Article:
Donald Trump will meet Pope Francis for the first time on Wednesday (local time), in an encounter that will take place at the Vatican.
They may both be leaders of global stature, but their personalities could hardly be more different.
While the meeting is likely to be cordial, it comes against a backdrop of tension and public disagreement on a range of issues.
Climate change and the environment
President Trump has threatened to pull the US out of the 2015 Paris accord on reducing greenhouse global gas emissions, and in March signed an executive order dismantling environmental regulations enacted under Barack Obama.
Pope Francis, in stark contrast, has called for concerted action to halt global warming and a shift away from the use of fossil fuels.
The Pope is expected to give the President an English copy of his encyclical on the environment, "Laudato Si" (Praise Be) - a pointed reminder of his belief that climate change is largely man-made and needs to be urgently addressed.
Refugees and migrants
The Pope has repeatedly called for compassion to be shown to refugees and migrants and is himself the product of an Italian family that migrated to Argentina.
President Trump, in contrast, attempted to ban the entry of Syrian refugees in January, halted the issuing of visas to people from several Muslim countries, and wants to build a wall along the Mexican border.
The Pope criticised him for the border plan last year, saying that anyone who wants to build walls rather than bridges is "not Christian".
The remark incensed the then Republican candidate, who said it was "disgraceful" that the pontiff should question his religious faith.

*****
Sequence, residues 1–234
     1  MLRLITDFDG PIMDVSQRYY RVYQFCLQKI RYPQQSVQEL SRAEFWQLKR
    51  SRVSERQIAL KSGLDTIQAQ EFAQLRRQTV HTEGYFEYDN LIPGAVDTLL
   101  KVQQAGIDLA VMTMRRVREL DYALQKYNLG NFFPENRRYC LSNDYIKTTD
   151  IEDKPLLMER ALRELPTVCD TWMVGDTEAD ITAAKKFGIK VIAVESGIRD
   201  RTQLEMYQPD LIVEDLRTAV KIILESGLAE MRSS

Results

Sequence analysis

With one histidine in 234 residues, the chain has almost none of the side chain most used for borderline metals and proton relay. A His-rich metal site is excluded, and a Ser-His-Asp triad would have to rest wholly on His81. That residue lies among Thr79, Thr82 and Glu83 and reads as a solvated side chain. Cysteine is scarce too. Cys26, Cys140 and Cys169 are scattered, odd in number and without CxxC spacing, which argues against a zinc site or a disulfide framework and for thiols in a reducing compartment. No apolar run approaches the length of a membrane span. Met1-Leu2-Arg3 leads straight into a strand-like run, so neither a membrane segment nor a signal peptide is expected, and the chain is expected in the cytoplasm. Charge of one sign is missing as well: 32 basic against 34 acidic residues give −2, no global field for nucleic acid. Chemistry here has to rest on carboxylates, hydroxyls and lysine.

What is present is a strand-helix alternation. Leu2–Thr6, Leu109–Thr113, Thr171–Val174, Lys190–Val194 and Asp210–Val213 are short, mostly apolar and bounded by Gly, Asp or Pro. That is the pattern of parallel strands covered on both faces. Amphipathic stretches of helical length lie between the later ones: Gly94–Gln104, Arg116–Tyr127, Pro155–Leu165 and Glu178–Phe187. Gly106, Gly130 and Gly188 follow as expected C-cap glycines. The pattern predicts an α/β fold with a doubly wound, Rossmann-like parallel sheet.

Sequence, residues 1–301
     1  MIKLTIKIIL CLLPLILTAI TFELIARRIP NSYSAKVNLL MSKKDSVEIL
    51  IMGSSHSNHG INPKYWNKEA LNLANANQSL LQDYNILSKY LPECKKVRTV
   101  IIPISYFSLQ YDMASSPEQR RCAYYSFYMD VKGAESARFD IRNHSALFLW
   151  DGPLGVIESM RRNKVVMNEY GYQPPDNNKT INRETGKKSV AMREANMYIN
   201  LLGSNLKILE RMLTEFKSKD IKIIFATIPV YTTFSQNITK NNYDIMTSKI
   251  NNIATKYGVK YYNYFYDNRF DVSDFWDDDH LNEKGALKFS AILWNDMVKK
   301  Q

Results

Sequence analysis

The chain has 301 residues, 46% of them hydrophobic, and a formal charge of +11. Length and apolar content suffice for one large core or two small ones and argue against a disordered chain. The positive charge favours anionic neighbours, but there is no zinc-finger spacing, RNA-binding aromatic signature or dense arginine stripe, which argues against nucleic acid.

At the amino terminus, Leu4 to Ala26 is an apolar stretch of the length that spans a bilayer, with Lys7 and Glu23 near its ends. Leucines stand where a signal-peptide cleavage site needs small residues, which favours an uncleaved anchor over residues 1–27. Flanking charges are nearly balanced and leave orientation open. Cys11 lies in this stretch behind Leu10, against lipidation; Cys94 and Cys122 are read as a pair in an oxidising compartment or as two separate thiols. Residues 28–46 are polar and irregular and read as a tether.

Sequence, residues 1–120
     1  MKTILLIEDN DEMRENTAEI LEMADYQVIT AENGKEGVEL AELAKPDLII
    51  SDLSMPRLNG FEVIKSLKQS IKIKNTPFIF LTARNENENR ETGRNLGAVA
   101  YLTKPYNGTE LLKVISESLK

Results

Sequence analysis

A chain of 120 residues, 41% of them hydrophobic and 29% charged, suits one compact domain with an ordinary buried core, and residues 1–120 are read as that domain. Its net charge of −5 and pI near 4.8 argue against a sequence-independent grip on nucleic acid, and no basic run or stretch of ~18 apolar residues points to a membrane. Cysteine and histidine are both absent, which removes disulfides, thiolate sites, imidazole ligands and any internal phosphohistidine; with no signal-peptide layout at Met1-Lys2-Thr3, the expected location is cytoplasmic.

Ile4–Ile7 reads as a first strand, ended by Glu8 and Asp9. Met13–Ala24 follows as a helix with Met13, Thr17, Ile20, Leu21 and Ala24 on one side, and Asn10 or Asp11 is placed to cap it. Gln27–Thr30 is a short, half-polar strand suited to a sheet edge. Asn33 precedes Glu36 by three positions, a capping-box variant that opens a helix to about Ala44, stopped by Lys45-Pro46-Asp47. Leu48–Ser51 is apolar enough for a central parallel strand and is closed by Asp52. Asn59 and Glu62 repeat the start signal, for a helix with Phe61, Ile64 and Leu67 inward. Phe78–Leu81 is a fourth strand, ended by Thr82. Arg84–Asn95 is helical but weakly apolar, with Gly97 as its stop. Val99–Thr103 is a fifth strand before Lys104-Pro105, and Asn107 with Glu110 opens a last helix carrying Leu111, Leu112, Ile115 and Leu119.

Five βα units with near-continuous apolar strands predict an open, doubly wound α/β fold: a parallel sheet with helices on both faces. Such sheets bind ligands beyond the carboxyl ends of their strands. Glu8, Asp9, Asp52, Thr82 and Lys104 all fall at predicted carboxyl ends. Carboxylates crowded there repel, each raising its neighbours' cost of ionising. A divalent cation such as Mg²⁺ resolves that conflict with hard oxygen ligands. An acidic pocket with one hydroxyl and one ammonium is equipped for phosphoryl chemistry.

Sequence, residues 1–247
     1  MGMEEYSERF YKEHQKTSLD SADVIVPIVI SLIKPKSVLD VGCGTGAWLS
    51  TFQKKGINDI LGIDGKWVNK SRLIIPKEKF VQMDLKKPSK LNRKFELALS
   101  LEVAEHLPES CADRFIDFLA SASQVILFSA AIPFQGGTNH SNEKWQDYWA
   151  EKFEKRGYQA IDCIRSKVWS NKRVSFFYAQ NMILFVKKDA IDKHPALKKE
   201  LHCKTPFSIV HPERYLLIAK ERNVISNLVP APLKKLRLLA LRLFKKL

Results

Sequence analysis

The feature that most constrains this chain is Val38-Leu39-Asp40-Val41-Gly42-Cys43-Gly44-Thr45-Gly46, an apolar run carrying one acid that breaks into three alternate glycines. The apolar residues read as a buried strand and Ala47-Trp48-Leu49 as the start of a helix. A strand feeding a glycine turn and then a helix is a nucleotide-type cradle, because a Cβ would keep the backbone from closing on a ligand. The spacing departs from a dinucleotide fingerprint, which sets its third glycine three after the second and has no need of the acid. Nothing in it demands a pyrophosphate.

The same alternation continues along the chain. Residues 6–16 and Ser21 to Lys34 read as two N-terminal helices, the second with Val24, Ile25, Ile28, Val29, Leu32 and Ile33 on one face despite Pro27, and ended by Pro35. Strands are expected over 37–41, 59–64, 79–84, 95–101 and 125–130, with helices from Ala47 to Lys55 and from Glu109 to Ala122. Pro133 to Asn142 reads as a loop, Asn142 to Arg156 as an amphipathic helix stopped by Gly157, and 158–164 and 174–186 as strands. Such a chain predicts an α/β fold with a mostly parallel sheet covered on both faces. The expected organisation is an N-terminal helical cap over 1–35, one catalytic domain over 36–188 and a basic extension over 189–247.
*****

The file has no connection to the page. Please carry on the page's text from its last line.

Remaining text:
The embodiment of bullish, free-wheeling capitalism, Donald Trump made his fortune from investing in property and other ventures around the world and wants to slash taxes for the rich.
Pope Francis, in contrast, has repeatedly warned that the excesses of the global capitalist system are leaving millions of people behind, fueling social tensions and harming the planet.
Pope will keen an 'open mind'
Pope Francis said earlier this month that he would keep an open mind and not pass judgement on the President until first listening to his views.
"Even if one thinks differently we have to be very sincere about what each one thinks," he told reporters while flying back to Rome after a visit to Portugal.
"I will say what I think and he will say what he thinks. There are always doors that are not closed. We need to find the doors that are at least partly open, go in, and talk about things we have in common and go forward, step by step," he said.
Senior Vatican figures have said the Pope will try to change President Trump's opinion about climate change.
Monsignor Marcelo Sanchez Sorondo, the head of the Pontifical Academy of Sciences, said: "This President has already changed his mind on several things, so perhaps he will on this as well.
"The President claims to be a Christian, and so he will listen to him," said Monsignor Sorondo, who is seen as being close to the Pope. Mr Trump was raised as a Presbyterian but attends church rarely.
The timing of the meeting on Wednesday is significant. President Trump's audience will be at the unusually early hour of 8.30am.
The White House dithered for weeks about whether to request a papal audience prior to the President heading to the G7 summit at Taormina in Sicily.
When the request was finally made, the Vatican had to squeeze the appointment into the Pope's busy schedule, so that he will have plenty of time to prepare for his weekly general audience in St Peter's Square.
After his meeting with the Pope, President Trump and his wife Melania are expected to be shown the Sistine Chapel.
The First Lady will then visit the Bambin Gesu (Baby Jesus) Hospital in Rome to meet sick children.
Ivanka Trump will go to the Sant' Egidio Community, a Catholic charity, to discuss human trafficking and meet women who were forced into prostitution.
The President will meet Sergio Mattarella, Italy's president, and Paolo Gentiloni, the prime minister, before boarding a plane to Brussels for a Nato meeting.